So the point is? Brains are better than calculators? Well, really they aren't. You can do a damned sight more calculating on a calculator. But you need to know the basics, and to know that for small stuff you don't need a calculator. But that's not what this dumb exercise was teaching. Oy.

Yes, I sent in a note to the teacher: "This caused unnecessary tears and no learning was accomplished, nor reinforced". To her credit, she called to apologize and told us to put aside tear-inducing homework in the future. But still. Oy.

## 21 comments:

Sigh. I want to say, "Don't get me started." Because what I really think about most homework - tear-inducing and non- cannot fit into this comment box.

I haven't seen these particular examples but Red had a similar hair-pullingly awful assignment early in the year that involved finding her week's sight words in magazines and cutting and pasting them, etc. First, we don't subscribe to many magazines and there was no time to find any suitable ones. Second, did you know that the word "down" cannot be found in 10 years worth of National Geographics? Do you know HOW LONG that took to come to that realization? And how many glasses of wine I needed after that. I wrote a very similar note to the teacher. RIDICULOUS.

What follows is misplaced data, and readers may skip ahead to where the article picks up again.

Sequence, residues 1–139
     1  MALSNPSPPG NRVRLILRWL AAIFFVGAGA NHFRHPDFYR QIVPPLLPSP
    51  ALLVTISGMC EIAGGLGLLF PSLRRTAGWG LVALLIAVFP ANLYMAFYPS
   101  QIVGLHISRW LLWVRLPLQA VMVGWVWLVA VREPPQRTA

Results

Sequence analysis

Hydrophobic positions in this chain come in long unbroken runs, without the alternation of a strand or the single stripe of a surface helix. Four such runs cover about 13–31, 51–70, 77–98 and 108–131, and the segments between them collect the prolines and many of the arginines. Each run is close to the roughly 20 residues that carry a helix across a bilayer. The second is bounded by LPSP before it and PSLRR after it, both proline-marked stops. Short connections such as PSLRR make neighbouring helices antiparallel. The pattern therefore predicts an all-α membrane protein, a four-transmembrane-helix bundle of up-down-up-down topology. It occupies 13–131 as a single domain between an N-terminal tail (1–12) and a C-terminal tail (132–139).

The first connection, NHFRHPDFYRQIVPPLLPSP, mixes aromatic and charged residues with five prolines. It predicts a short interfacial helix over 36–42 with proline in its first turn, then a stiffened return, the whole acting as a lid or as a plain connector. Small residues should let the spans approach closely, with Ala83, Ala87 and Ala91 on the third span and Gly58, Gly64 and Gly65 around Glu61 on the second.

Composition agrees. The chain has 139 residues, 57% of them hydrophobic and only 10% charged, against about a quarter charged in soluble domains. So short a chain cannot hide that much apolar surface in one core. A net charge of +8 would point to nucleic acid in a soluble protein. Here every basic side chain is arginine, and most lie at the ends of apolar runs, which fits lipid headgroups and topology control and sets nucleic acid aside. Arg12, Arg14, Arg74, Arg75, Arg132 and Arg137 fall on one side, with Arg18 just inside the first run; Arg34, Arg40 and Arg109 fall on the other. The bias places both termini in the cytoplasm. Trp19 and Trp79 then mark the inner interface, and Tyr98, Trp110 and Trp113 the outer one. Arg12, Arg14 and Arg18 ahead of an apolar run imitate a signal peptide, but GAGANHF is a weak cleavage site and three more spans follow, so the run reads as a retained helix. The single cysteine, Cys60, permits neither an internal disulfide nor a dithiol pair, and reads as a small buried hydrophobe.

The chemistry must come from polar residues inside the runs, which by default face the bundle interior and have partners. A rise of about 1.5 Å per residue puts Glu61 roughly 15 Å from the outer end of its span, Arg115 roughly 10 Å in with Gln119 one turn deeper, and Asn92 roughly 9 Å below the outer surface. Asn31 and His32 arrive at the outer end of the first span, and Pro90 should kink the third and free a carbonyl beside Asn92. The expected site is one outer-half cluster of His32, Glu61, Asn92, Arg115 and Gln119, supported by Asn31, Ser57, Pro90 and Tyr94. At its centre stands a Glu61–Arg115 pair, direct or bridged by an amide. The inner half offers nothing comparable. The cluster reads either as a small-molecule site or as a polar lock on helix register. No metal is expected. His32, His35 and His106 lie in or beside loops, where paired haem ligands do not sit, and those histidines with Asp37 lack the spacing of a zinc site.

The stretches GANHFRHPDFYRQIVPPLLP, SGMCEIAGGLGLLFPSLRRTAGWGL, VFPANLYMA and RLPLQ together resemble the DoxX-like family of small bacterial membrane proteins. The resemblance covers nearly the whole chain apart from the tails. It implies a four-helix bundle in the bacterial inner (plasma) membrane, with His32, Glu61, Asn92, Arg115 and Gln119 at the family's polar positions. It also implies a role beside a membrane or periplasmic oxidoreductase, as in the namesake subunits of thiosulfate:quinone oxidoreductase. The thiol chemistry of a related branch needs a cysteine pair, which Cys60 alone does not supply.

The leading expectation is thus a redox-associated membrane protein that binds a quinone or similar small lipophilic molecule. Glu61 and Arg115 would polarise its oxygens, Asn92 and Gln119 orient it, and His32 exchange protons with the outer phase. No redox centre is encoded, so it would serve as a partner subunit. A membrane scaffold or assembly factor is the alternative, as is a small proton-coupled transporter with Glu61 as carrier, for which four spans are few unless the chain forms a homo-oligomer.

I am very bad at math and a calulator would beat me every single time because it takes me a very long time to add up that string you mentioned. Once I get to 17, I have to think about what's 5 more. Seriously.

Everyday Math? We get a lot of assignments like this, especially early in the year, and they drive us all up a fricking tree.

i am so glad to read this and know i am not alone in having a hard time w my kid's 2nd grade homework.

i long for the days of my childhood and to utter the words of my parents "i already went to second grade. do your own homework."